The Wire: Season 3
Everyone from Time Magazine and Newsweek to Entertainment Weekly has called this hard-hitting HBO drama about the battle between police and drug dealing gangs the best series on television. Far from being just another cop show, it examines life in the modern American city. It’s often bleak and realistic portrayal of urban existence and how no matter what side you’re on, there’s a blurring of the lines meaning you’re ultimately compromised by your surroundings. ‘We are bored with good and evil. We renounce the theme,’ said writer and former police reporter David Simon. This 12 episode series is also an allegory that draws explicit parallels between the war in Iraq and the national drug prohibition, which in Simon’s view has failed in its aims and become a war against America’s underclass. Depressingly, the ratings didn’t match the deserved critical praise because America decided it would rather watch Desperate Housewives go through the motions of jumping the shark on the other side. That’s often the case with top shows. But if you thought HBO’s The Sopranos was good and want intelligent gritty drama then this will blow you away.
Hustle: Season 3
If you said that a series about a team of five con-artists had been created (and mostly written) by EastEnders’ chief scriptwriter Tony Jordan most would fear the worst. A dark, depressing, kitchen-sink trawl though the misery of sobbing victims would be the obvious expectation, but this is the opposite. Light, breezy and very well scripted it’s one of the better series to have been shown by the BBC over the last few years. Veteran American actor Robert Vaughn is great on the small screen as their mentor while the rest of the cast are likeable enough despite essentially being a bunch of criminals. This set has six, hour-long episodes that are all inventive, creative and with plots that often have pleasant twists, which is increasingly rare these days. It’s not as good as the first couple of series so I’d get those first, and breaking the fourth wall with grins to camera and occasional bullet time is a love-it-or-hate-it technique, but it’s rarely less than a fun hour of light drama.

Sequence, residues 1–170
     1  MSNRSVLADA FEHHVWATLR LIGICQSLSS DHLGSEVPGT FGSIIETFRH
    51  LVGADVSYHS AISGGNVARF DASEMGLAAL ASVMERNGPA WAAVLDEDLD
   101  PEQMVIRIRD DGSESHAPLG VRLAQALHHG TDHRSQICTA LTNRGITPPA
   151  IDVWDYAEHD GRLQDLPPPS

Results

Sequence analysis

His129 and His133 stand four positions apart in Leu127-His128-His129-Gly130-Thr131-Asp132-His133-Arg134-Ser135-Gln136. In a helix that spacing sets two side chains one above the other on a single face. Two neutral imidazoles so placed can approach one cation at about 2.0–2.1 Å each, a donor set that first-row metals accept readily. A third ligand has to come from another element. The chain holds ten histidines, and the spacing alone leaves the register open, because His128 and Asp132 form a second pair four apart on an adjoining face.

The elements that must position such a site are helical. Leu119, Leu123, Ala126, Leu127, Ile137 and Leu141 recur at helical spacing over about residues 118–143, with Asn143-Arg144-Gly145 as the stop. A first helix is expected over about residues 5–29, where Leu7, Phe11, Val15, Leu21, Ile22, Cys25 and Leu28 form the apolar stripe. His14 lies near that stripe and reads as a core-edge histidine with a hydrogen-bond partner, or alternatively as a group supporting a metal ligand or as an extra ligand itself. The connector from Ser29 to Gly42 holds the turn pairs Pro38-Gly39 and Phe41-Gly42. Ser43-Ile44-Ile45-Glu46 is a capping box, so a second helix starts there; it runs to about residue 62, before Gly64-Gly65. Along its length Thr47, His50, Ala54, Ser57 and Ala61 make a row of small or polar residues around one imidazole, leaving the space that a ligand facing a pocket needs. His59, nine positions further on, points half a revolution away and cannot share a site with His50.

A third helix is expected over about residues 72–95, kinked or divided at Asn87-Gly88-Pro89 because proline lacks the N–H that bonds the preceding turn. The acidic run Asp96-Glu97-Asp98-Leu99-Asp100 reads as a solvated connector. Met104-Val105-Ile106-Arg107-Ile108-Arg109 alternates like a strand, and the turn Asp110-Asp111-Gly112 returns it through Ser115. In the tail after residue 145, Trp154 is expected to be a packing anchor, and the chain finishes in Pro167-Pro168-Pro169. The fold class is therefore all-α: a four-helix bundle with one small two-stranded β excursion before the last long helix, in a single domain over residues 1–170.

Baywatch: Series 2
Ho ho ho, how we laughed at Baywatch. With its plots flimsier than the cast’s swimsuits and David Hasselhoff’s genius hiring policy of employing female models to fill most of the key roles around him it was never taken seriously. It was one of the greatest
guilty viewing pleasures of them all and you certainly weren’t alone when you sat down early Saturday evening for 60 minutes of bouncy beach-based fun. According to the Guinness World Records book, Baywatch is the most watched TV show of all time, with over 1.1billion viewers worldwide. But let’s not beat around the bush here, most of those watching were doing so for the eye candy rather than the ‘gripping’ stories so, here’s who this DVD has running down the beach in slow motion: Erika Eleniak as Shauni McClain (in her last season), Pamela Anderson as CJ Parker (in her first season), Nicole Eggert as cheeky young Summer Quinn and slightly dowdy Alexandra Paul as Stephanie Holden – who never ran in slomo as there was little to see bounce. And ladies, here’s what you get: David Charvet as Matt Brody, Billy Warlock as Eddie Kramer and, of course, The Hoff himself. It’s says season 2 on the DVD but it’s actually season 3 and bit’s of season 1 in content. And very sadly the theme song, ‘I’m Always Here’ isn’t on here because Hasselhoff couldn’t get the copyright clearance…so he sings his own song instead. You’ve been warned. But despite the loss of the teen-memory inducing theme tune (and many of the original songs throughout each episode) it’s still Baywatch and you can’t really dislike Baywatch can you?